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“Together at a Distance”

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The author develops some new online modules for GN staff with Shasta, his faithful feline assistant. © Anna Joy Burgess

Lessons from living online, the environment, and COVID-19

My formative years were spent growing up in Angola with very busy medical missionary parents. Non-traditional schooling and work were my normal, and a typical day consisted of completing a few correspondence modules, then sneaking outside early to play and explore.My favourite subject was Social Studies, especially lessons on the Indigenous peoples of Canada. It’s no surprise then, that years after moving and establishing a comfortable career teaching high school in St. John’s, Newfoundland,one tiny advertisement in the local paper for a science teacher position in the Kitikmeot was the catalyst that took me to what was then Coppermine, now Kugluktuk, Nunavut.

Fast forward and I was fortunate to work for the Government of Nunavut with a number of incredible people. Several exciting projects eventually led to formation of the Nunavut Broadband Development Corporation, which in turn led to the Qiniq network, the first provider of internet access to all 25 Nunavut communities. With a network in place, we leveraged federal government funding to launch a three-year pan-Arctic collaborative project from 2007 to 2010 called, “Together at a Distance” (T@D).

T@D combined global best practices for online learning with expertise from adult educators, subject matter experts, and Elders. Although the T@D project is no longer running, it continues to provide the theoretical and practical base from which to adapt for new technologies and requirements in the North.

My interest in communication technologies, a background in science, and Elder’s observa- tions on environmental change propelled me further into online learning. I moved from the government to working with a company now called NVision Insight Group.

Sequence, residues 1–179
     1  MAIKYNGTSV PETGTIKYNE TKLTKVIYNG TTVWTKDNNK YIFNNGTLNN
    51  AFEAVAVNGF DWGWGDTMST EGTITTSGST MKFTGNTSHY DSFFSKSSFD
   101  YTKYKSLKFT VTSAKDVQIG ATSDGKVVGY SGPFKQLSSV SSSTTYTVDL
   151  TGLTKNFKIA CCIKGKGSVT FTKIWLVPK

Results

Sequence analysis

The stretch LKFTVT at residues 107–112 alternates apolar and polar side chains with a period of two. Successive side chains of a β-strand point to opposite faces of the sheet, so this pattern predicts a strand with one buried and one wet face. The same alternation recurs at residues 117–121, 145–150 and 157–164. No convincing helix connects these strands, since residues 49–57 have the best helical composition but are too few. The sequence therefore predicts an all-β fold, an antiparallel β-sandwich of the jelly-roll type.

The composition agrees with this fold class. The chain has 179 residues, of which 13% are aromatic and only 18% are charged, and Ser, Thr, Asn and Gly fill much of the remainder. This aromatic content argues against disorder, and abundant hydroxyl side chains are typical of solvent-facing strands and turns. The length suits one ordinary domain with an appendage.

One of the challenges presented to us was the need to provide professional development without facing the traditional costs of sending participants to a central location. In-person courses required flights, hotels, meals, travel, time away from family, and disruption during storm days. How could we provide a cost- effective, quality learning experience, while also reducing pollutants and greenhouse gases being emitted into this delicate environment? Using T@D as the core model, courses were adapted for an online learning management system. Bi-weekly live sessions using the telephonefor audio and an application for screensharing allowed for teaching of courses using minimal bandwidth. In time, with significant improve- ments in bandwidth and increased participant digital literacy, this model led to dozens of courses being delivered online across Nunavut. Recently, COVID-19 hasradically changed how we work, conduct commerce, travel, communicate, consider our environment, and just live. Educators who are used to working in closer proximity must now create rich online learning experiences. There is a sudden interest in what we refer to as disruptive technologies that are used to help us become more efficient andcommunicate better with one another. Many northern communities have been adopting and adapting disruptive technologies for years. There is a lot the North can teach the rest of the world and in this time of reflection, mean- ingful online connection will likely become an integral part of our new normal in life.